Indian markets were on a song since June 2016. Most stocks had appreciated by 30-50% from the lows of Feb 2016. While people knew that valuations were getting stretched, nothing seemed to go wrong. Markets proved to be resilient and green shoots in economy were visible. Then Brexit happened. Markets took it well and then Trump won- as if two black swan events weren't enough...the lndian government decided to fire a bazooka of demonetisation and suddenly markets turned jittery. Was there a way to get out of markets before the carnage? Does the market give some signs that indicate it is overheated? Following are the few unmistakable signs that investors can definitely remember next time.Read More
Availability bias affects almost every aspect of our lives especially our financial decisions. It makes us forget that there is much more to what we think we know.IN this article we look at what Availability bias is, how it affects our investment decisions and what we can do to eliminate its effects. Read on..Read More
Moat refers to the dug up water filled area that surrounded medieval forts and castles to keep the enemy at bay. In the modern economic term, the spirit of this word remains the same .An economic moat is the competitive advantage an entity has which keeps it safe from competition over a sustainable period of time. In this article we reveal four false moats that mislead investors in thinking that a company has a competitive advantage only to be proved wrong.Read More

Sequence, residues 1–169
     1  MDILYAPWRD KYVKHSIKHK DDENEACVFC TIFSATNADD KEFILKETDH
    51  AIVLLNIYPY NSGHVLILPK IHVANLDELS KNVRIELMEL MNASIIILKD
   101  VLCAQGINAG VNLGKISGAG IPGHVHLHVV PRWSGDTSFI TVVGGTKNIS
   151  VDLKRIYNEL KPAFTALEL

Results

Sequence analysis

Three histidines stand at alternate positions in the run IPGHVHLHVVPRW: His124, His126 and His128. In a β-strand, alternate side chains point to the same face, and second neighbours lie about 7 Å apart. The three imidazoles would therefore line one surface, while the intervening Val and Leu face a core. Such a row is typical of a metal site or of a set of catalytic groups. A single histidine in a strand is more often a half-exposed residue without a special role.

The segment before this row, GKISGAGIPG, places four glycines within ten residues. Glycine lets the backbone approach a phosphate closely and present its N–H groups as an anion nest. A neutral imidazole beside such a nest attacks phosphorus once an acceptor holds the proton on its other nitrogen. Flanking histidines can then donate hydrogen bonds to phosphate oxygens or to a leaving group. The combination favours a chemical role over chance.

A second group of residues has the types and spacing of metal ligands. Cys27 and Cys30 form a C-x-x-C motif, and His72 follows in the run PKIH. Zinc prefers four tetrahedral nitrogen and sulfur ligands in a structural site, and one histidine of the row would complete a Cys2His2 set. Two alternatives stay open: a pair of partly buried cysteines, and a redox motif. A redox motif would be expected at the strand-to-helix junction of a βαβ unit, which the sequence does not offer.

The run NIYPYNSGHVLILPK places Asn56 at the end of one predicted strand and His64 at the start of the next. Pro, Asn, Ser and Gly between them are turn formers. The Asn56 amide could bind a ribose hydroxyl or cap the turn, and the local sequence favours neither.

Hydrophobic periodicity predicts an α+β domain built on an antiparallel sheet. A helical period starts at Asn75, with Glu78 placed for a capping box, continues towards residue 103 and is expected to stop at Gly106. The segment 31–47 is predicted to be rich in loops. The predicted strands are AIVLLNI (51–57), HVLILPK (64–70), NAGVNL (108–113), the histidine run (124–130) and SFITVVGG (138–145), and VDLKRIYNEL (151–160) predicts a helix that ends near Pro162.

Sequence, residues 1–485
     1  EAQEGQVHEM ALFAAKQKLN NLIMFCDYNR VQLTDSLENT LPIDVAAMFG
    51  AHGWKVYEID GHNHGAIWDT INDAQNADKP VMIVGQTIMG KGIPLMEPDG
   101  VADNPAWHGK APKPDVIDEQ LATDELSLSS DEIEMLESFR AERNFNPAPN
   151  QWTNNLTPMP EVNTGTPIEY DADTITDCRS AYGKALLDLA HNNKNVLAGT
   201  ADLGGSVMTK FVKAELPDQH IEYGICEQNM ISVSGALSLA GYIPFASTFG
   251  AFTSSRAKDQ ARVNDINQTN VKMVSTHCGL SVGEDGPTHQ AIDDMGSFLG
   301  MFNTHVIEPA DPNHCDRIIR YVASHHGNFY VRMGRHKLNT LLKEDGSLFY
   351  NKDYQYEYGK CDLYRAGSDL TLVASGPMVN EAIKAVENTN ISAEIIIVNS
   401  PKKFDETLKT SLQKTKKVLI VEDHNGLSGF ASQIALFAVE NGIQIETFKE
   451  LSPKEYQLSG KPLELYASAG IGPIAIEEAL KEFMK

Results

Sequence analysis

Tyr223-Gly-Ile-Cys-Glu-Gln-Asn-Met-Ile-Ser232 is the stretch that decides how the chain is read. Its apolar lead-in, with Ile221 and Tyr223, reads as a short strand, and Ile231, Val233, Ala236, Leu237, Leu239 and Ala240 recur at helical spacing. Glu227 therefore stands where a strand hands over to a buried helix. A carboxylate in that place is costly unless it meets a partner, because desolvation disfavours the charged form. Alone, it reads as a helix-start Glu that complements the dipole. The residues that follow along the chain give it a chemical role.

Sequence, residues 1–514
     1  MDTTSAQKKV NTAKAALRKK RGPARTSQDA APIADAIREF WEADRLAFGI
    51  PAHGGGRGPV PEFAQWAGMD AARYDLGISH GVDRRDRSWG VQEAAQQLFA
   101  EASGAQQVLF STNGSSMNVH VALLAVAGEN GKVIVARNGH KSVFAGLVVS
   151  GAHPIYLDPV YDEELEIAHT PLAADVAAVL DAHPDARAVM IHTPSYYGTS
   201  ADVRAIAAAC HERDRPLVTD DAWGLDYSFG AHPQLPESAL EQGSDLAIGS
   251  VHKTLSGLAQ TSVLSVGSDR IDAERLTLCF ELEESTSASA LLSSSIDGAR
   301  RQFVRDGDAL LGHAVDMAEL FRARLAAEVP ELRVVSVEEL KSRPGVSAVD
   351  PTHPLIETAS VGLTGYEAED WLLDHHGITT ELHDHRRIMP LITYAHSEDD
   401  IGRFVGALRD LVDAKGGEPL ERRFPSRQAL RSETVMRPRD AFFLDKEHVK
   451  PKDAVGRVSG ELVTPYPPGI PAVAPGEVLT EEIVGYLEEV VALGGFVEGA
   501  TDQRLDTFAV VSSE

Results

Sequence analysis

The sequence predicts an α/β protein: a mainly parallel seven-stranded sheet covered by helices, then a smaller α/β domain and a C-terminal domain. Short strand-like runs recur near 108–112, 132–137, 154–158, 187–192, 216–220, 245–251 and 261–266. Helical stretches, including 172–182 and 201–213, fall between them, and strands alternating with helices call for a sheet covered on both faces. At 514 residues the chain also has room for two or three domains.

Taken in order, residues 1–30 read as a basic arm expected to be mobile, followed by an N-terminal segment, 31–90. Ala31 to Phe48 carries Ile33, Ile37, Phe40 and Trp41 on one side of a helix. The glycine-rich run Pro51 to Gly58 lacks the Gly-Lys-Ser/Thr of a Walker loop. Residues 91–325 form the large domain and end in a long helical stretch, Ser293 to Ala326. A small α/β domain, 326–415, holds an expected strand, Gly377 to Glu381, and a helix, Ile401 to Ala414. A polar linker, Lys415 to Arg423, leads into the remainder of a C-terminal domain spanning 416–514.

Psychology plays a major role in Investing. It is our constant endeavour to figure out the pitfalls in the cognitive process of investment process that may lead to not so wise decisions. Hao effect is just one of the many biases that influence our decision making process and it is important to recognise the threats posed by this bias. In this article we give you a low down on what Halo effect is all about, how it effects our decisions and what are its implications in stock investments.Read More
Who doesn't want multibaggers in his/her portfolio? We all look for that next Eicher or Page Industries. In this article, we argue that your relentless focus on finding the next multibagger may actually be sabotaging your portfolio returns. We call this approach a problem and proceed to suggest an alternative that is far more superior to help you achieve investment success.